Can Babies Be Born With Teeth?

Every parent looks forward to the joy of watching their child get their first tooth. While it’s typical for most babies to receive their first tooth between 4 to 7 months or maybe not until they turn one year old, did you know some babies can be born with teeth?

This is called natal teeth and it’s a rare condition that only occurs in 1 out of every 2000 children. However, just because this is rare doesn’t mean there’s anything to be concerned about. As long as these teeth aren’t loose, they are unlikely to interfere with their daily life or require intervention. Read on in this blog from Willow Pediatric Dentistry to find out more about natal teeth.

Why Was My Child Born With Teeth?

We aren’t 100% certain of a particular cause of natal teeth, but it is slightly more common in girls than boys and tends to run in families. There is likely a genetic component to natal teeth, as at least 15% of children with natal teeth have a positive family history of natal teeth.

Other potential causes may include malnutrition during pregnancy, infection, and fever. Certain medical conditions increase a child’s risk of being born with teeth, such as a cleft lip or palate, and the following syndromes:

  • Sotos
  • Ellis-Van Creveld
  • Pierre Robin
  • Hallermann Streiff

Different Types of Natal Teeth

Natal teeth can manifest in a variety of ways. Your child may be born with one tooth or a few. It also may be an upper front tooth or a lower molar. However, it is even rarer for a child to be born with multiple teeth than just one. Only about 1% of babies are born with molars.

Your child is most likely to be born with a lower front tooth, but any sort of tooth can be present in the mouth, though less common. They can also be:

  • Loose but fully developed and attached to tooth roots
  • Loose with no roots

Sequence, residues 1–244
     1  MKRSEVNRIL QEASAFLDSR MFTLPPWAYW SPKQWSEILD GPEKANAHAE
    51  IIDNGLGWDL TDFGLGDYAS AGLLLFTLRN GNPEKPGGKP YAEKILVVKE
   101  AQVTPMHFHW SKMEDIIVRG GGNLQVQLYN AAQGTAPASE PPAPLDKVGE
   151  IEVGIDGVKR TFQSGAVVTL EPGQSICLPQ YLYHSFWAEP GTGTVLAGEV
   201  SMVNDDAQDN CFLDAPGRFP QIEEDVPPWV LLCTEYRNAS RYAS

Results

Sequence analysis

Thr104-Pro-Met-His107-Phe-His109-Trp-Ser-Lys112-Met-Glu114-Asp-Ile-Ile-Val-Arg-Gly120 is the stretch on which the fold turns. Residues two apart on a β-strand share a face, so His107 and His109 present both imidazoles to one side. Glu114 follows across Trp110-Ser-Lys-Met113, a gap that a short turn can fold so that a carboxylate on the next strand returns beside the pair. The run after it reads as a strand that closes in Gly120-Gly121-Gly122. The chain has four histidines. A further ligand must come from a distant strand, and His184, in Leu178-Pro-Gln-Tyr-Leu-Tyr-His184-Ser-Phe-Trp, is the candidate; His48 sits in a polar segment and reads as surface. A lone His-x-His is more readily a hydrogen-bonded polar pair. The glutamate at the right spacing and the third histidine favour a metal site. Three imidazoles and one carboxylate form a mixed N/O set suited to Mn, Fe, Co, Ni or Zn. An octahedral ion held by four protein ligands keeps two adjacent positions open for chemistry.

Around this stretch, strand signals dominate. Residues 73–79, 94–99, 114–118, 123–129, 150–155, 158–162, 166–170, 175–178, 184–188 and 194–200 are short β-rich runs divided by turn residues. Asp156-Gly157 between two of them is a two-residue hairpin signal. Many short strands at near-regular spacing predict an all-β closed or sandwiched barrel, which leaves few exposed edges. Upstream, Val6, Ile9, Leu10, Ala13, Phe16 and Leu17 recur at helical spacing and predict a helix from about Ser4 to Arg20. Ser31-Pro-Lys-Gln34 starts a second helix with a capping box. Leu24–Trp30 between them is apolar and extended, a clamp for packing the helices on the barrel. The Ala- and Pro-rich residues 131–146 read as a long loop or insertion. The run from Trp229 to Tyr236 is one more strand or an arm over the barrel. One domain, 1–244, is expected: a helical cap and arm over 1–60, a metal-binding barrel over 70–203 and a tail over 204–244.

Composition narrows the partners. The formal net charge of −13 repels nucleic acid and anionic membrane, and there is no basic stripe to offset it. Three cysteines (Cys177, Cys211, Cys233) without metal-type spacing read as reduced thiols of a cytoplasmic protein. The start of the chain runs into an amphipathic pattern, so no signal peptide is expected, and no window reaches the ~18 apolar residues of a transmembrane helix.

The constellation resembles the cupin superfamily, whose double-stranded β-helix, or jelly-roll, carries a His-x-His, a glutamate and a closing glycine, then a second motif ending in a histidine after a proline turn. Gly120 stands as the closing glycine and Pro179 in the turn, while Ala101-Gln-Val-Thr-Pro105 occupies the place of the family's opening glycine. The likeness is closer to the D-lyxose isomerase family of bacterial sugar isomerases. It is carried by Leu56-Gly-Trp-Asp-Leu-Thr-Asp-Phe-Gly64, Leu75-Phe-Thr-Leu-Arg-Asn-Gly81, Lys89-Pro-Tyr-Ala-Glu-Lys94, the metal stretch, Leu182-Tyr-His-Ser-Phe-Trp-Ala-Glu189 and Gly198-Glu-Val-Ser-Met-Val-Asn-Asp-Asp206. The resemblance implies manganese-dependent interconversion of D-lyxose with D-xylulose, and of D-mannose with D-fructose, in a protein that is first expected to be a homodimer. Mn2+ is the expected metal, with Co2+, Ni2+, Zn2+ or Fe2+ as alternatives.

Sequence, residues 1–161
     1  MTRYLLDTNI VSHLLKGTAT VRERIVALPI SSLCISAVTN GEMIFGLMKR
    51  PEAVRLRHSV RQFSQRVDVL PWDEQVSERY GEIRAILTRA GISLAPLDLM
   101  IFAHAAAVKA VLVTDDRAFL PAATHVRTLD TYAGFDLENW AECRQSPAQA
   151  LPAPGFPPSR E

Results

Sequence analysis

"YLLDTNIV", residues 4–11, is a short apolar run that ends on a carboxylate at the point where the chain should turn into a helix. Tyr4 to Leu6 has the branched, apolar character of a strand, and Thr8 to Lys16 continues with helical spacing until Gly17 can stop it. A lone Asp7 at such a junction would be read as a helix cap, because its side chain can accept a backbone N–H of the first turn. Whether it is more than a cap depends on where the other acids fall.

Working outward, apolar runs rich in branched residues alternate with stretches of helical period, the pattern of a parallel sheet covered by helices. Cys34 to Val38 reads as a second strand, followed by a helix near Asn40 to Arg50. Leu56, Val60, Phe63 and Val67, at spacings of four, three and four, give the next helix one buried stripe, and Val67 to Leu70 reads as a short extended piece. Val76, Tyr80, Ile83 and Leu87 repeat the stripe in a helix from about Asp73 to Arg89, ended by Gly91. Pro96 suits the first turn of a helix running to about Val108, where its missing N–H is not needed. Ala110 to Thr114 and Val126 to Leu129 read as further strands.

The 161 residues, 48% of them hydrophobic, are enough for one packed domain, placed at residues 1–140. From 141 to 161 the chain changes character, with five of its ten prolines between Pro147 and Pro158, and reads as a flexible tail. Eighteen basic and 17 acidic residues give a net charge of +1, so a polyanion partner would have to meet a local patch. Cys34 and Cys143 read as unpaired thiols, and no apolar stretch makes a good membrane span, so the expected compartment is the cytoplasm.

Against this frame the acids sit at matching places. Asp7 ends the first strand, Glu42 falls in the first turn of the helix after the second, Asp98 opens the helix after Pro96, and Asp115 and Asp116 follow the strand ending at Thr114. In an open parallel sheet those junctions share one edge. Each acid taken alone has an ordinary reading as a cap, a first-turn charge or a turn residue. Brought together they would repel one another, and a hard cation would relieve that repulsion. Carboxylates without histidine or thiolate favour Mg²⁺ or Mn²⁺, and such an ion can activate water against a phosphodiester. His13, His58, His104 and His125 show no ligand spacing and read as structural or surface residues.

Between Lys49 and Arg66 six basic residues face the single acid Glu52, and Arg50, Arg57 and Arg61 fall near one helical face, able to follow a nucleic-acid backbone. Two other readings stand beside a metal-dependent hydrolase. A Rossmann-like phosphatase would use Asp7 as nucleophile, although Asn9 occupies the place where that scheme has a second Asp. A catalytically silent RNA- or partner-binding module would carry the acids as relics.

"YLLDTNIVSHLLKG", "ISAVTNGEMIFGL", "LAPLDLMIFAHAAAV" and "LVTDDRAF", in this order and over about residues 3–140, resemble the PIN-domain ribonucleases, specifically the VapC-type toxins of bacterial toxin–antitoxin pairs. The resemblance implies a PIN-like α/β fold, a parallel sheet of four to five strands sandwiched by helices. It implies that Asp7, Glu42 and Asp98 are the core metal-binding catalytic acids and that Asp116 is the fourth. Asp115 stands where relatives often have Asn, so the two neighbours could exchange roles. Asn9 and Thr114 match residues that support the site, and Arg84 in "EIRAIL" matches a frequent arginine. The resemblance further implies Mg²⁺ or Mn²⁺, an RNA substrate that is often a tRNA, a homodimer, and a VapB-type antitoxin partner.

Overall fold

• Very small teeth that are just barely visible above the gums
  • Teeth that show signs of erupting through the gums but haven’t yet

Your child may not necessarily be born with teeth but may receive neonatal teeth, which are teeth that erupt much sooner than expected. Instead of erupting between 4-7 months, your child may start teething around 3 months.

When Natal Teeth Should Be Treated

Keep in mind that the development of any natal teeth is rare and neonatal teeth are even rarer, so it’s not likely that you will need to worry about if your child needs intervention. However, if your child happens to be one of the rare few children who are born with teeth, you should monitor them to determine if they look loose.

We recommend taking them to a Rancho Santa Margarita pediatric dentist as soon as you can because loose teeth can be a choking hazard, make feeding difficult, or could cut the inside of their mouth. In this instance, the tooth or teeth may need to be extracted.

Schedule Your Child’s Checkup Today!

Most children do not need to see a dentist until they receive their first tooth, but if your child is born with theirs, they should go earlier so you can learn how to keep them clean and prevent issues. We can also determine if they pose a risk to your child or if they require no intervention. Contact us at Willow Pediatric Dentistry today to schedule a consultation with Dr. Sam Alzayat.

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